The cancer diagnosis was an extension to Janos Uotila’s previous health problems. – Maybe that’s why I didn’t get so scared. Of course, I had to reassure my relatives and loved ones by saying let’s just get this over with. I understand the concerns of those close to me, cancer being such an evil word and such sad connotations being related to it. Janos says he has been very open about his illness. Nonetheless, he was surprised by the flood of messages that the video from the corridors of the radiotherapy unit he posted on social media received. – I got messages from near and far, and some were really worried, he recalls.
– I don’t get fazed easily, that’s how much my health has been tested in the past, he says. – Even then, I laughed at my wife, saying, ‘What’s next, am I falling apart now?’

You can’t get rid of cancer by eating

Everyone who has had cancer has their own way of dealing with it, and in this relationship, Janos has chosen an open policy. – I feel it’s important that I can share my situation with others and address the issue by talking to my loved ones. There’s no need to be ashamed of this. After all, no one can influence it, it’s not in your own hands if you get cancer or not, he says. – Surely everyone can try to live as healthy as possible and prevent their own illness, but you can’t prevent it by eating, he says.

The long drive and trick shot golf professional is used to an active lifestyle. Janos’ life with the illness has continued almost the same as before: entrepreneurship and family have kept him busy. – In addition to everything else, my wife and I also run a gym, which we do out of love for the sport, he describes. He is also busy with the three children of the family, the youngest of whom is just 2½ years old. – I have always spoken openly about difficult things with my older children. I never wanted to keep them in the dark. They can sense if something’s going on. This way, I have also wanted to teach them that the right attitude always helps to see the bright side of things, Janos says.

Staff’s approach builds confidence

Janos praises the cancer hospital’s holistic approach to cancer treatment and how each patient is considered an individual. – Fortunately, such a progressive place where patients are treated from head to toe while taking into account their own needs exists. A personal care team supports patients in all situations and both mental and physical well-being are invested in. Janos also praises the staff’s approach that helped build confidence. – No one is overly dramatic here and you can have peace of mind when you can trust your own care team, he says. – It also shows that when the staff are doing well, it is reflected directly in the patients.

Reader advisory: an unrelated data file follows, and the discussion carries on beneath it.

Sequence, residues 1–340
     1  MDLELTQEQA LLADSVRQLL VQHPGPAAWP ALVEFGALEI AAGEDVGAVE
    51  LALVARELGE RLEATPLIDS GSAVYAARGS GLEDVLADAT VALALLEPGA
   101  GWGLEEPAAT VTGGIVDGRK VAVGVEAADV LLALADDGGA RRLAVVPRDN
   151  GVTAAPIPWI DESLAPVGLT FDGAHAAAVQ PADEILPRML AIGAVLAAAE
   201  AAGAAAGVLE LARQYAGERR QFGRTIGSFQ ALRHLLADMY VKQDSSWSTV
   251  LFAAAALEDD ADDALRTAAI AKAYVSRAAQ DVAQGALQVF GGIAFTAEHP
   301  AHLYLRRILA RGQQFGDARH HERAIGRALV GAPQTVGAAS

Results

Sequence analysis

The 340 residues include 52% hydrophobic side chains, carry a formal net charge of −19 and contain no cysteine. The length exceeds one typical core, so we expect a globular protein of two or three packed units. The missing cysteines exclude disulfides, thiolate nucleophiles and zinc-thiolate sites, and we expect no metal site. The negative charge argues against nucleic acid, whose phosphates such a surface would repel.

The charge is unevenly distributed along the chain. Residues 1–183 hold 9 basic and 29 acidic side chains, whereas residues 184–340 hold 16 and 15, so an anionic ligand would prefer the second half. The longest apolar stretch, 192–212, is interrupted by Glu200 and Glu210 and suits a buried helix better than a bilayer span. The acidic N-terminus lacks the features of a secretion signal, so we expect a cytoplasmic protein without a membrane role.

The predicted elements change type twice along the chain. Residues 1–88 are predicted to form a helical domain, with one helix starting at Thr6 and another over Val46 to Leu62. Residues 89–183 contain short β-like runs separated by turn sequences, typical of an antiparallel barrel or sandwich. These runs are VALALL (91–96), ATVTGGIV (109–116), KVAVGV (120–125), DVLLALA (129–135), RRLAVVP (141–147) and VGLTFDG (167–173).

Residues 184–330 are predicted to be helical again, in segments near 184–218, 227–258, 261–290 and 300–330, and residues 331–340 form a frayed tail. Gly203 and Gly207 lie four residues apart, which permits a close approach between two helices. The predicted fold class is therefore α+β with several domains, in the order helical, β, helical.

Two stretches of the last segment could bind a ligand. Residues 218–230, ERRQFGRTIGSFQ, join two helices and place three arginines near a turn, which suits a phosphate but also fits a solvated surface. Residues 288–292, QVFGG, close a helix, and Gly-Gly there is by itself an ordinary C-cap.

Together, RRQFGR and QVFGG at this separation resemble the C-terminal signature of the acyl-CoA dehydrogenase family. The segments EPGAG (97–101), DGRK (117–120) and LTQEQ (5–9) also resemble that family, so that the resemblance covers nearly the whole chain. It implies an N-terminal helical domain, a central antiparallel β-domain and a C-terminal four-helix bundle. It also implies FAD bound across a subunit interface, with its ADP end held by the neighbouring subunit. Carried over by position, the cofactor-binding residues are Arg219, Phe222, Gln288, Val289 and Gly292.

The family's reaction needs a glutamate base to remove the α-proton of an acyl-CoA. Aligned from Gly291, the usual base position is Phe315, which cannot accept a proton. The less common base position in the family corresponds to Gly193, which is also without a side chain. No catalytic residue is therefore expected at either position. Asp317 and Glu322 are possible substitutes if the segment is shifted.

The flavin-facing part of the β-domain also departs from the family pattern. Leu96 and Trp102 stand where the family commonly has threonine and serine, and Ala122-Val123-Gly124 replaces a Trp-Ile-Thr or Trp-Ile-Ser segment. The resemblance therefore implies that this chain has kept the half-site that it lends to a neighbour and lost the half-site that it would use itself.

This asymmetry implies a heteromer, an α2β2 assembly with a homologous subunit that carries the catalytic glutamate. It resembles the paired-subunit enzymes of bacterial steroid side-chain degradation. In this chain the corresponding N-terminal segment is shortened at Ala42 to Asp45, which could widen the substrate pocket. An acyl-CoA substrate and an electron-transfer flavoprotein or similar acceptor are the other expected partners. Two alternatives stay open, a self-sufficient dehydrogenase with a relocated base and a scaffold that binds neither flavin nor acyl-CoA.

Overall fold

His prostate cancer was originally typically insidious. The sooner the disease can be treated, the more likely it is that it can be eradicated at once without any harm involved. PSA analyses are recommended to be performed after treatment, as for all healthy men.
Janos has received radiotherapy for prostate cancer, both externally and as HDR brachytherapy, i.e. interstitial radiotherapy.

– The treatments have gone very well. It is just a pity that the duration of a radiotherapy session is so short that you can’t quite manage to fall asleep, says Uotila with a laugh. The radiotherapy sessions are already a routine for him, and fitting numerous treatments into the busy schedule of an entrepreneur has been easy. – All treatments are scheduled according to my diary. This is already a routine, a bit like visiting friends over a cup of coffee, says Uotila with a twinkle in his eye. – I always feel welcome here, he says with gratitude.

Jet skis waiting at the dock

In the early spring, Janos was already looking forward to the upcoming spring and summer. – When the treatments are over, we will go on a trip to Italy, he says of his plans for the near future. – And as soon as the ice melts, I’m also going on a jet ski trip. Janos is already looking optimistically to the future. – Everything has been so effortless that I believe that only positive feelings will remain of this process. One experience richer, I will continue my life at least as fully as before, and in two years’ time, I may not remember the disease at all, he concludes with a smile.